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Permanent link (DOI): https://doi.org/10.7939/R32J68C6D

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Factors influencing Plasmodiophora brassicae resting spore loads in soil and clubroot disease severity in canola (Brassica napus) Open Access

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Other title
Subject/Keyword
Canola
Clubroot
Plasmodiophora brassicae
Type of item
Thesis
Degree grantor
University of Alberta
Author or creator
Tabori, Mirko
Supervisor and department
Dr. Stephen Strelkov and Dr. Sheau-Fang Hwang
Examining committee member and department
Dr. Stephen Strelkov (Agricultural, Food and Nutrition Science)
Dr. Guillermo Hernandez (Renewable Resources)
Dr. Scott Chang (Renewable Resources)
Dr. Sheau-Fang Hwang (Government of Alberta)
Department
Department of Agricultural, Food, and Nutritional Science
Specialization
Plant Science
Date accepted
2015-03-27T10:35:12Z
Graduation date
2015-06
Degree
Master of Science
Degree level
Master's
Abstract
Clubroot, caused by Plasmodiophora brassicae, is an important soilborne disease of Brassica napus canola. Studies were conducted to increase understanding of the impact of various soil parameters and crop rotation regimes on P. brassicae inoculum levels and clubroot severity, respectively. In one study, the concentration of pathogen resting spores was assessed in 284 soil samples, collected from three clubroot-infested fields (Bassano, Edmonton, and Parkland County, Alberta), by quantitative PCR analysis. The samples also were analyzed for soil organic matter content, electrical conductivity, pH, and boron and calcium concentrations. Data analysis based on the P. brassicae-positive samples pooled from the three fields indicated that resting spore concentration was positively correlated with soil organic matter (r2 =0.51, P <0.0001, N = 127), calcium (r2 =0.44, P <0.0001, N = 127) and boron concentration (r2 =0.11, P <0.0001, N = 127), but negatively correlated with soil pH (r2 =0.09, P = 0.0004, N = 127) and electrical conductivity (r2 =0.23, P <0.0001, N = 127), respectively. These correlations, while significant, were generally weak and suggest that other factors, such as cropping history, may affect resting spore concentrations in the soil. In a second study, the effects of six crop rotation regimes on clubroot severity were evaluated under greenhouse conditions. Rotations included: T1) continuous cropping of a clubroot-susceptible canola cultivar (S); T2) S –fallow (F) - S – F - S; T3) S – barley (B) - S – B – S; T4) S – resistant canola cultivar (R) - S – R – S; T5) continuous cropping of the same resistant cultivar; and T6) continuous cropping of different clubroot resistant canola cultivars. Index of disease (ID) was recorded along with other plant growth parameters for the canola at the end of each cycle of a rotation. When galled root tissue collected from a treatment was incorporated back into the soil, the average ID of the susceptible canola cultivar included in T1 to T4 increased significantly (p ≤ 0.05) from 93.1 % (after the first crop cycle) to 99.6 % (after the fifth crop cycle). The ID of the resistant canola cultivar included in T5 also increased significantly from 12.5 % to 22.3 %. In contrast, when different clubroot resistant canola cultivars were grown in succession in T6, the average ID decreased significantly from 12.5 % to 9.4 % (after the fifth cycle). The data suggest some erosion of resistance after continuous cropping of the same resistant cultivar, which was not observed when different resistant cultivars were rotated.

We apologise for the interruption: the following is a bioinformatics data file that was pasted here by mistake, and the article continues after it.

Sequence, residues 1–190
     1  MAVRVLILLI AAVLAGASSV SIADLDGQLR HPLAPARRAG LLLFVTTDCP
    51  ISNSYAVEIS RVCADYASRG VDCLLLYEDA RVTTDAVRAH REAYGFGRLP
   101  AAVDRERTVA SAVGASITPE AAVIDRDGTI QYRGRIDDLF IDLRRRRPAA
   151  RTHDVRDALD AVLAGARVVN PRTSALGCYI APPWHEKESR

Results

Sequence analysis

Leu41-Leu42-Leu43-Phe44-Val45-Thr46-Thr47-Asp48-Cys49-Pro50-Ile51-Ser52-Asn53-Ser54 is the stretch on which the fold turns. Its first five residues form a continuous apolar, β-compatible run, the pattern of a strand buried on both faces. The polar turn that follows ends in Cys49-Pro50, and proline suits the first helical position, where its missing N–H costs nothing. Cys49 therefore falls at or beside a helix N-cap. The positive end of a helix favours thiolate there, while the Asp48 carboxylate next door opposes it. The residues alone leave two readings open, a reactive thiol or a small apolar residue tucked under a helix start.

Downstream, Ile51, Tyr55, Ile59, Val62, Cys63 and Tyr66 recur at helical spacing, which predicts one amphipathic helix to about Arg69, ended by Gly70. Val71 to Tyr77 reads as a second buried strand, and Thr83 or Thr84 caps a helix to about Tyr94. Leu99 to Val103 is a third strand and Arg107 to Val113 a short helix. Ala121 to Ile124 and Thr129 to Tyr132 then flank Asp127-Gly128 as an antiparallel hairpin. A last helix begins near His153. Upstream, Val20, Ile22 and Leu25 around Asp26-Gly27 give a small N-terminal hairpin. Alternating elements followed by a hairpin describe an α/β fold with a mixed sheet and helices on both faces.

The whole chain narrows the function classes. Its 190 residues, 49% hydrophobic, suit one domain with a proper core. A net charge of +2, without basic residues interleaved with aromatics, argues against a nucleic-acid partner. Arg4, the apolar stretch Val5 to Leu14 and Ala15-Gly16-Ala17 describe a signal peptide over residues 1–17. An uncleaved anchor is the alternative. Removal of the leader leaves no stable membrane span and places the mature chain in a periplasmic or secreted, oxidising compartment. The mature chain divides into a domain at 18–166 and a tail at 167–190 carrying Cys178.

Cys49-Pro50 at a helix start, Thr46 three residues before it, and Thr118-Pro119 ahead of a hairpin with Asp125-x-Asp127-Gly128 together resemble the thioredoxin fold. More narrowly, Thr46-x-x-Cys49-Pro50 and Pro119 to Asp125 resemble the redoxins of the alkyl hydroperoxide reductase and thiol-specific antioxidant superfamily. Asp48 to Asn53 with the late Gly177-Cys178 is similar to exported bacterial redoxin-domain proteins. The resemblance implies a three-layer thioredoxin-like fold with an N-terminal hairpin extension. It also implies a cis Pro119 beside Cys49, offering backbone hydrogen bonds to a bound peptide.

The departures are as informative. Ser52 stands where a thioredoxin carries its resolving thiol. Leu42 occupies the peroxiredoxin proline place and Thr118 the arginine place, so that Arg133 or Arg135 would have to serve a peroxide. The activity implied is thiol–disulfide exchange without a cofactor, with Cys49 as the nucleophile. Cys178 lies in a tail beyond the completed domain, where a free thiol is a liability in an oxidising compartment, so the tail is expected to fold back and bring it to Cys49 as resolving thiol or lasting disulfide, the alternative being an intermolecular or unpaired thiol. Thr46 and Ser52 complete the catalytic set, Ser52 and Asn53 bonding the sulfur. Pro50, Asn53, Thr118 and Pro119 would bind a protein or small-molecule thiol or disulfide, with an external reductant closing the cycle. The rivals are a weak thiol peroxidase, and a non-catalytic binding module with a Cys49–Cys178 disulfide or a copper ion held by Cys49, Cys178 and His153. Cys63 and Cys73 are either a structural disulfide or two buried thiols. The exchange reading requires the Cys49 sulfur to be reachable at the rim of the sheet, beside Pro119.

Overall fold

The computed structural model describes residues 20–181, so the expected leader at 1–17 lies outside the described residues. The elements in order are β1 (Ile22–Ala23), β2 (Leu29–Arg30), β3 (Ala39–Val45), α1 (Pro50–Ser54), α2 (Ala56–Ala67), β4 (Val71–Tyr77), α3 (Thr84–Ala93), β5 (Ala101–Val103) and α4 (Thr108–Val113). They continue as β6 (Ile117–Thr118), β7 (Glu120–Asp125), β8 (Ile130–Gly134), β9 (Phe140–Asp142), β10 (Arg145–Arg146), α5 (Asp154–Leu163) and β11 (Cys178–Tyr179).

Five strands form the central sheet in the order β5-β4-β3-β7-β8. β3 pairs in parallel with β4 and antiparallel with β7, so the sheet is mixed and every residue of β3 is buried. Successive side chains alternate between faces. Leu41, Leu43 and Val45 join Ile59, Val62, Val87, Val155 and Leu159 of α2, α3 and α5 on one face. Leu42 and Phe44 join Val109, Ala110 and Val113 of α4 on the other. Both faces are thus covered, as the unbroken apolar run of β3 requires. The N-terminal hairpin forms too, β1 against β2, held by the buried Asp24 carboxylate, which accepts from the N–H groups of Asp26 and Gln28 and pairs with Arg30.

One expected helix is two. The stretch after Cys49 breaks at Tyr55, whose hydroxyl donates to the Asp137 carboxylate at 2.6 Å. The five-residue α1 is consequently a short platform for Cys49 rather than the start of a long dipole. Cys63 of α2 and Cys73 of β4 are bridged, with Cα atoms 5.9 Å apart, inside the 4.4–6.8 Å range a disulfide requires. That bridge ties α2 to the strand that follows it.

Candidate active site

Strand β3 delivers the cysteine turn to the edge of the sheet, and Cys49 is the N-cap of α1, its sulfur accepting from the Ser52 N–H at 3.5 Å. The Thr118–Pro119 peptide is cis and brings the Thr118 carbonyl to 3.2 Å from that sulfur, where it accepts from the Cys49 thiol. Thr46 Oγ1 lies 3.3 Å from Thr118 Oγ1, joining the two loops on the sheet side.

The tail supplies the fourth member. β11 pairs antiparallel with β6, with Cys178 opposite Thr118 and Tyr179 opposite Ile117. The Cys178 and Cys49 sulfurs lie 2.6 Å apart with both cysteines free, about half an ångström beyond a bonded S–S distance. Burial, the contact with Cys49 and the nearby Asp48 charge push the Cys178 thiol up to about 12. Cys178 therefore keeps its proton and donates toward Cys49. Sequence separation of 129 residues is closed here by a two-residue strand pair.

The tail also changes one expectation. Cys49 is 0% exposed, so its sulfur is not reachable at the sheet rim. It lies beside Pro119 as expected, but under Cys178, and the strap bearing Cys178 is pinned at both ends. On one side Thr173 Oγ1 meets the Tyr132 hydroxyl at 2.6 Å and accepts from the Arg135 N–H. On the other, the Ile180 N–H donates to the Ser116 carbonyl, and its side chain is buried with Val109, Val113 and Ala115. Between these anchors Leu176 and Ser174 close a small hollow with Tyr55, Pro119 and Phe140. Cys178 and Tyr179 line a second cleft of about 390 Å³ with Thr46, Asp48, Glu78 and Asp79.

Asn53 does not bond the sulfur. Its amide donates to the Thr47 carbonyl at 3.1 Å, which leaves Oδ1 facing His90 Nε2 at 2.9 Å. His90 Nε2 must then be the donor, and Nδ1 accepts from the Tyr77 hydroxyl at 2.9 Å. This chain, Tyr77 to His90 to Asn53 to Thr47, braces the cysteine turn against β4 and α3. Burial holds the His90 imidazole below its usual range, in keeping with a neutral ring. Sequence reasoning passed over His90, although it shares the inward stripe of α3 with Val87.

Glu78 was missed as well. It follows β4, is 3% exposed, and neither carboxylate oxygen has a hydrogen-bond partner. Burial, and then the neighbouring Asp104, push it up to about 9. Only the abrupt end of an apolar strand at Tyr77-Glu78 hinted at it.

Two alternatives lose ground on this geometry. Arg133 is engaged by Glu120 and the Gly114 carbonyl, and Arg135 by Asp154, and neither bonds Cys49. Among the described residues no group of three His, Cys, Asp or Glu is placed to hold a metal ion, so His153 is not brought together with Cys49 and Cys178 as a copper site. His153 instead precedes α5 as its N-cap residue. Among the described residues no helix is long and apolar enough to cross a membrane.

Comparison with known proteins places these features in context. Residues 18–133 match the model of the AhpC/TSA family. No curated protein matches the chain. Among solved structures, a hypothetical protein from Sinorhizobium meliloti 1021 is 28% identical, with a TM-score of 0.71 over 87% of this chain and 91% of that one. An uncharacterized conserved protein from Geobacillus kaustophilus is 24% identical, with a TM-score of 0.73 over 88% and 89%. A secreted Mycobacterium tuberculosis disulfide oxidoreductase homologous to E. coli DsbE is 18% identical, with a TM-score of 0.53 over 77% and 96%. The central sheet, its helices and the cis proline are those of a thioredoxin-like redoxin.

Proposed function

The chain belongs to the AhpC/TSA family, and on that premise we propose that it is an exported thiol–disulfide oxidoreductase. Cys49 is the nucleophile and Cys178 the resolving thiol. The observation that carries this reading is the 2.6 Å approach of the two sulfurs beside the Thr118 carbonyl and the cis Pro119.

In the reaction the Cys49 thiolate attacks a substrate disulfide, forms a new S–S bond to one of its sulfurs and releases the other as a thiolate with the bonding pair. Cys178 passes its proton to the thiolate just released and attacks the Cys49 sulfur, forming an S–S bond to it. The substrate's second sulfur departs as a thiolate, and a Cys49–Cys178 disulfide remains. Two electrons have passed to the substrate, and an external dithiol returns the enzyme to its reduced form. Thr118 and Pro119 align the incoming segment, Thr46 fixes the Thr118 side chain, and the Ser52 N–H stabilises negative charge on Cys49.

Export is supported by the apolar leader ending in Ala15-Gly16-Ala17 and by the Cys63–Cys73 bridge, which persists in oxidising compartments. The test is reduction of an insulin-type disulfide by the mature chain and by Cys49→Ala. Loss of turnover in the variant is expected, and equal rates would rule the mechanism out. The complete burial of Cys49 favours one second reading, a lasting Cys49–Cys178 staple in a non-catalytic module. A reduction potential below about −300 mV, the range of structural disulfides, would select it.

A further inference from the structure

Language
English
DOI
doi:10.7939/R32J68C6D
Rights
Permission is hereby granted to the University of Alberta Libraries to reproduce single copies of this thesis and to lend or sell such copies for private, scholarly or scientific research purposes only. Where the thesis is converted to, or otherwise made available in digital form, the University of Alberta will advise potential users of the thesis of these terms. The author reserves all other publication and other rights in association with the copyright in the thesis and, except as herein before provided, neither the thesis nor any substantial portion thereof may be printed or otherwise reproduced in any material form whatsoever without the author's prior written permission.
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